What Did Zuckerberg Really Say About Privacy?

I just noticed some posts around the web questioning my characterization of Mark Zuckerberg’s on-stage declaration that the age of privacy is over. I left a comment on one of those blog posts that I thought I should post here as well. I thought pretty hard before posting that coverage of Zuckerberg’s statements that I did. I asked myself: is this a fair way to characterize what he just said? I concluded that it was and I stand by that still today.

So just for the record, here’s the rough transcript I posted last month of Zuckerberg’s literal comments, followed by my justification for why I’ve summarized them as I have.

“When I got started in my dorm room at Harvard, the question a lot of people asked was ‘why would I want to put any information on the Internet at all? Why would I want to have a website?’
“And then in the last 5 or 6 years, blogging has taken off in a huge way and all these different services that have people sharing all this information. People have really gotten comfortable not only sharing more information and different kinds, but more openly and with more people. That social norm is just something that has evolved over time.

“We view it as our role in the system to constantly be innovating and be updating what our system is to reflect what the current social norms are.

“A lot of companies would be trapped by the conventions and their legacies of what they’ve built, doing a privacy change – doing a privacy change for 350 million users is not the kind of thing that a lot of companies would do. But we viewed that as a really important thing, to always keep a beginner’s mind and what would we do if we were starting the company now and we decided that these would be the social norms now and we just went for it.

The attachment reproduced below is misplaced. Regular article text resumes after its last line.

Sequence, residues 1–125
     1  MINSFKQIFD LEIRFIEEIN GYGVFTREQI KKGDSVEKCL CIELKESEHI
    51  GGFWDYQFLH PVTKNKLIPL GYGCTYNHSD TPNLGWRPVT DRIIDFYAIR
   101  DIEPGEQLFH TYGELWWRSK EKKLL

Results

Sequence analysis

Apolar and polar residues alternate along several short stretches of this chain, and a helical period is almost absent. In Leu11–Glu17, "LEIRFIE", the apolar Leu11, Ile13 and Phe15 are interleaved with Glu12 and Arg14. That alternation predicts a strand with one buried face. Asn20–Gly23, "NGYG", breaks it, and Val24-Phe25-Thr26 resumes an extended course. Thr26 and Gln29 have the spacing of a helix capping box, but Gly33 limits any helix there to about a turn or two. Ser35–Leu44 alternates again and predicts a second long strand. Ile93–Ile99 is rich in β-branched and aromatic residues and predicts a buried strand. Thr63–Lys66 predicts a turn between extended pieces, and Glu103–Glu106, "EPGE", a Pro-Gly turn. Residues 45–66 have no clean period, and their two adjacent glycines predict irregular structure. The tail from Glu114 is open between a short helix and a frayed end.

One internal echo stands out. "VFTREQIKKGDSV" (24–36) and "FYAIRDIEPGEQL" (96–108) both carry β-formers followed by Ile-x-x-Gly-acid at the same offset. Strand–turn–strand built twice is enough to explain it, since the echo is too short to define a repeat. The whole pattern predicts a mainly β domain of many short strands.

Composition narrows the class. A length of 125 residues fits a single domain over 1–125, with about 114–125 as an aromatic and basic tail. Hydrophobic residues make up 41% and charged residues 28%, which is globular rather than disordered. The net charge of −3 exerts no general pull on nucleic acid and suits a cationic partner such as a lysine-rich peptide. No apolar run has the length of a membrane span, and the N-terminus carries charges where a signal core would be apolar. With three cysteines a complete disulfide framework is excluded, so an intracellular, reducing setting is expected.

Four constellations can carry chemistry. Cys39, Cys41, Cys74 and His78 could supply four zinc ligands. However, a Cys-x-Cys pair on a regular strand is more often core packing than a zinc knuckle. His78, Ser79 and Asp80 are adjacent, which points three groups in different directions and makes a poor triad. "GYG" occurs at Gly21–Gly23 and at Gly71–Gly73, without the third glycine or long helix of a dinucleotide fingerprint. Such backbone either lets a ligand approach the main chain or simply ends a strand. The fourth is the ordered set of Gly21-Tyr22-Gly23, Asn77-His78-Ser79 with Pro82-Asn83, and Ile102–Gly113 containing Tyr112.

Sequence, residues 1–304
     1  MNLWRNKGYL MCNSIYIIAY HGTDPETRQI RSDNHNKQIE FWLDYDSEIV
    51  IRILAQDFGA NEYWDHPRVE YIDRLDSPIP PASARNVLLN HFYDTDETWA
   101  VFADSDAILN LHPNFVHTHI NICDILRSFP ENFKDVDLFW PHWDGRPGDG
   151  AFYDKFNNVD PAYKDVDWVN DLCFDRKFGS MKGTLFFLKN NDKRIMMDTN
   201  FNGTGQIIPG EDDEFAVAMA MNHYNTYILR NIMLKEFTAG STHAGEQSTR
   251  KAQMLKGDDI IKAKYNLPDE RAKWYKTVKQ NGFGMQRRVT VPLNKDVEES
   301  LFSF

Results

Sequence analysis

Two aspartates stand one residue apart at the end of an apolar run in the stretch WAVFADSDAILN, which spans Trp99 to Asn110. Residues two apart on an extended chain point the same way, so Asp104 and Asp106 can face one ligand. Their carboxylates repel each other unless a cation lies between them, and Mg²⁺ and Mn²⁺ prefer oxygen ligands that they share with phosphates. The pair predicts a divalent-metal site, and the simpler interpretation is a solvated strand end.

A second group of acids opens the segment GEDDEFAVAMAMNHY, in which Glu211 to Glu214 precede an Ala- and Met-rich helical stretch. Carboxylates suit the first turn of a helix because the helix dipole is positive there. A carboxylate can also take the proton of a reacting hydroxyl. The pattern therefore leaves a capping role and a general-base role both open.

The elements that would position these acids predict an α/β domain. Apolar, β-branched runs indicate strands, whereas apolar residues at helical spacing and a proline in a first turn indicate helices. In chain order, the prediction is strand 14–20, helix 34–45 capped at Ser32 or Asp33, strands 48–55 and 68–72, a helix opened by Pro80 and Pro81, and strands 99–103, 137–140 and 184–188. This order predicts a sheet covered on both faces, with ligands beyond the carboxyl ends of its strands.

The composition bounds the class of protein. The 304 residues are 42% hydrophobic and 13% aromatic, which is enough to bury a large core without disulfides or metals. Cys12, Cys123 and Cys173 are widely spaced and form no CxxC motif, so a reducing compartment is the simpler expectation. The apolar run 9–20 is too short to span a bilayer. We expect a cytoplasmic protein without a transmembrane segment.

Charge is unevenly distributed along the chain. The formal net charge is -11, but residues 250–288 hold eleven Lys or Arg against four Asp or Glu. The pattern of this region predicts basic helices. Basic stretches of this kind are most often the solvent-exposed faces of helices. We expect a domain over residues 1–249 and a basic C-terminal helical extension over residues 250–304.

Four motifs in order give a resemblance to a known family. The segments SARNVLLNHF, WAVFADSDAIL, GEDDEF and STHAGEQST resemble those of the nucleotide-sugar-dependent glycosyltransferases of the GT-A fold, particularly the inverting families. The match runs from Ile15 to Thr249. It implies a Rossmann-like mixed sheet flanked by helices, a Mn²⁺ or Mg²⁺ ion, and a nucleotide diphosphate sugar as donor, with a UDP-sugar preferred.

Here’s why I believe he was saying, in those vague but important words, that the age of privacy is over.

Zuckerberg did say that the era of privacy is over, he just said it one step away from literally and directly. He said this: our new privacy stance (X) is based on where we think the world is today and if we were to launch the site anew today, then that policy (X) is how we would have launched it.

What is X? It is a policy wherein your profile photo, friends list and most importantly fan page subscriptions are irrevocably public and a variety of other types of user data are now by default public. He doesn’t say “the era of privacy is over” directly, he says “our new privacy policies reflect the way the world is today” – but the phrase “our new privacy policy” equals: no more privacy about some things and public by default on others.

It is a fundamentally more public position on privacy and one that Facebook team members have told me point-blank on a press phone call – yes, they are hoping to move people towards being more public and less private.

So let me know, am I mischaracterizing things? I don’t think I am. I don’t think I’m putting words into anyone’s mouth, I think I’m doing journalistic work interpreting the meaning behind public utterances regarding a topic I’ve been paying close attention to for a good while.

  • I think MZ can make a case on the privacy side because it is possible to maintain privacy, even if it’s quite tricky to get right. However, I suspect his real reason is to increase FB page views to boost his ad revenues, maybe prior to an IPO. Some of my clients have noticed that while FB ads work well they are limited in scope. I’d imagine some of the more aggressive FB investors wouldn’t be prepared to stand for that perception to take hold, on the grounds of maintaining status quo privacy settings. Particularly while the prospect of Google-style profits remains a possibility…

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